Unlock: Reading & Writing Skills (Level 3)

Book Writer & Publisher: 
Cambridge University Press
Donald Patterson, Seirei Christopher University

[Carolyn Westbrook. Cambridge: Cambridge University Press, 2014. pp. 208. ¥3,000. ISBN: 9781107615267.]

Unlock comprises two academic English textbook series, one focusing on reading and writing skills and the other on listening and speaking. This review focuses on the former. Each series is divided into four levels corresponding to CEFR levels A1 to B2 and is supplemented by an online workbook at no additional cost. The texts also feature one approximately 3- to 4-minute video per unit from Discovery Education. Teacher’s books with DVDs are available separately.

In addition to the basic skills focus, each unit of an Unlock: Reading & Writing Skills text includes objectives for: academically-oriented grammar skills; vocabulary, based on the Cambridge English Corpus; and critical thinking skills, based on Bloom’s taxonomy. Each text is composed of ten units that explore a variety of theme-based topics. For example, Unlock Reading & Writing 3, which I used as the core text for a 1st-year university EAP course, has units on animals, customs and traditions, history, transport, and the environment, among others. The units are tightly structured with each step building on the previous one, culminating in a writing task. 

Prior to teaching with Unlock, I surveyed several of my students who had already used the series at a lower level. The students shared their impressions of Unlock: Reading & Writing 2 in writing and their comments were generally favorable. They typically said that they found the topics interesting and that they had helped them to expand their knowledge of the world. Many commented that they particularly enjoyed the videos. They also said that they found the exercises challenging but appreciated that they helped them to improve their English skills.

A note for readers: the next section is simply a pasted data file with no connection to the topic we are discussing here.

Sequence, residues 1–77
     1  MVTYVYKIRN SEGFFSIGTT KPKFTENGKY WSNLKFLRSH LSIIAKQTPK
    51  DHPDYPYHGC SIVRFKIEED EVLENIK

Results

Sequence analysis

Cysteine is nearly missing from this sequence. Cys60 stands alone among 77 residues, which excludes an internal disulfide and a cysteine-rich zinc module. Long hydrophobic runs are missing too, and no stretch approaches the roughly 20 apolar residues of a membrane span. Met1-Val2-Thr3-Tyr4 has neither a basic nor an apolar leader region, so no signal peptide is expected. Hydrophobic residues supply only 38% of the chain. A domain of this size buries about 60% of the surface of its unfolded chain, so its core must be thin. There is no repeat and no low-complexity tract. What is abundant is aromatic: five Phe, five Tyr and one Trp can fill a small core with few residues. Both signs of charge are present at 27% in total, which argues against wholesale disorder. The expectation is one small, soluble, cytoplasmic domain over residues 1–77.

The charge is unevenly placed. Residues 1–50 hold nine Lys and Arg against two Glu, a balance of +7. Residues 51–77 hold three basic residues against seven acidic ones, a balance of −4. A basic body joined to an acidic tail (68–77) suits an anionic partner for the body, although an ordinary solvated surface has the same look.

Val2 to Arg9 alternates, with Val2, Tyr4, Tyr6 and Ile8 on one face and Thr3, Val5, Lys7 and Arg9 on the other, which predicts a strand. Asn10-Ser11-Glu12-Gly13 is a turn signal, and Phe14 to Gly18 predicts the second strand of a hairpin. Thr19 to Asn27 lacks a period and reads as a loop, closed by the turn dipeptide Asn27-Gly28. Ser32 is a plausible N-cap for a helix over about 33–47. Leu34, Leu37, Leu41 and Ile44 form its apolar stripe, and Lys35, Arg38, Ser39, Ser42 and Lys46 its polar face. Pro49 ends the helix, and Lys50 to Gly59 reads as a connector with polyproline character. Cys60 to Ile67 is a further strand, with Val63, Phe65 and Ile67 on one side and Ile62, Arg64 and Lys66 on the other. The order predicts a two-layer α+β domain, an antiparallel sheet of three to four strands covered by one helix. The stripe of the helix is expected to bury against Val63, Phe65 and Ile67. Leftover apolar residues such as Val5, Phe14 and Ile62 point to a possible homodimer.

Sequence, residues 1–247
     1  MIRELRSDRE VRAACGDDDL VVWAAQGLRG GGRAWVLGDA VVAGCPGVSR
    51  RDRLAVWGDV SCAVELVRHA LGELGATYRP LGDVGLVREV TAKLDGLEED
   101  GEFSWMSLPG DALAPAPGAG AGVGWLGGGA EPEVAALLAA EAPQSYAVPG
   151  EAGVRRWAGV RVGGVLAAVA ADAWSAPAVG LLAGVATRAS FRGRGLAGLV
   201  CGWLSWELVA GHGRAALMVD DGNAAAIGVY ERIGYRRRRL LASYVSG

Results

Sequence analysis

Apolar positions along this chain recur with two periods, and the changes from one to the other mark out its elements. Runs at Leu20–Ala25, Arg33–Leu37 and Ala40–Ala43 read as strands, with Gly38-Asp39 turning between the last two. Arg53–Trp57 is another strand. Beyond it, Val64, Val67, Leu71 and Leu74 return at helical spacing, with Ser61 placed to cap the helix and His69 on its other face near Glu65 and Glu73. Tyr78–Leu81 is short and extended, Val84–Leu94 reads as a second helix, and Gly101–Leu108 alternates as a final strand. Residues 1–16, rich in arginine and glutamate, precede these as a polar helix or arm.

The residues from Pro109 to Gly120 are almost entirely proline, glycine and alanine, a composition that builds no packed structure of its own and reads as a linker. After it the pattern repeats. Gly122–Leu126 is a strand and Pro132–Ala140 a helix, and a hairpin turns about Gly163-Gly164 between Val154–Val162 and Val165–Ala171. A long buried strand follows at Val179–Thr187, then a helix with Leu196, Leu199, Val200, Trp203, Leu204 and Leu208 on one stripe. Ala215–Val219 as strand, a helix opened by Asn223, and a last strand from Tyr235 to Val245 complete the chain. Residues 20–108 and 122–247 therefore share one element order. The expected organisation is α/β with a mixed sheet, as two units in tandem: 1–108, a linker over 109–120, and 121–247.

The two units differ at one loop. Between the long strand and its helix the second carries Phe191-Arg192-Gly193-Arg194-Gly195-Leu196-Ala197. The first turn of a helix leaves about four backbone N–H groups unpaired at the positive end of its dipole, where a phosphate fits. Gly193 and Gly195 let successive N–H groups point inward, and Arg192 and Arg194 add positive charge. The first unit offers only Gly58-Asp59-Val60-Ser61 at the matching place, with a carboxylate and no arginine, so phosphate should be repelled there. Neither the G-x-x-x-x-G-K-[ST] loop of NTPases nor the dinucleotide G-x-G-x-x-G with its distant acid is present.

In terms of criticism, some found the units overly long and one student commented that completing the unit-ending skills review checklists was monotonous. While most said that they liked the layout, including the pictures, one mentioned that the fonts of some of the readings were denser and more difficult to read than some other English textbooks.

I surveyed the students about Unlock: Reading and Writing 3 at the end of my course. Again, the response was very favorable with all saying they would like to use the series again. They agreed unanimously that the structure was clear, the contents were up to date, and the exercises prepared them well for the unit-ending tasks. While most felt the exercises were at appropriate level, one expressed a desire for more challenging vocabulary.

From the standpoint of a teacher, I found Unlock useful as a core text as it engaged the students and was designed so that it was unnecessary to create many supplementary materials. Unlock’s content has an authentic feel, to which the Discovery Education videos contribute. The series broaches serious issues related to society, culture, health, technology, and the environment, making it a good stepping stone to authentic materials. Furthermore, the texts frequently provide opportunities for the students to relate the topics to their own lives and national context, which helps them to personalize the learning process (Tomlinson & Masuhara, 2013, p. 233).

The organization of the text was clearly explained and was easy to follow. The registration process for the online workbook was initially tricky, but the contents themselves were fairly intuitive and contained a good range of activities related to major steps of the unit. On the other hand, the teacher’s book was slightly difficult to follow, as it lacked corresponding page numbers to enable the teacher to flip back and forth between it and the student’s book. 

Unlock’s clear structure and linkage between sections works well if it is used as a core text but not as a supplementary text as this tight structure does not provide much flexibility. Furthermore, the final tasks are often dependent upon the students having completed the previous exercise, which implies a high degree of commitment to the text. The text’s strict adherence to the formal structure of academic writing also places a limitation on how creatively students can approach these writing tasks.

In conclusion, textbooks can provide the basic framework for a course (Hutchinson & Torres, 1994), and Unlock does this well if your goal is to provide students with an introduction to the basics of academic reading and writing. Naturally, a teacher needs to be careful about not becoming overly reliant on the text, which is a risk in this case. Finally, the most important thing a text needs to do in order to be an effective teaching tool is to grab and hold the students’ attention (Cunningsworth, 1995), which Unlock also does well.


Cunningsworth, A. (1995). Choosing your coursebook. Oxford, UK: Heinemann.

Hutchinson, T., & Torres, E. (1994). The textbook as agent of change. ELT Journal, 48(4), 315-328.

Tomlinson, B., & Masuhara, H. (2013). Adult coursebooks. ELT Journal, 67(2), 233-249.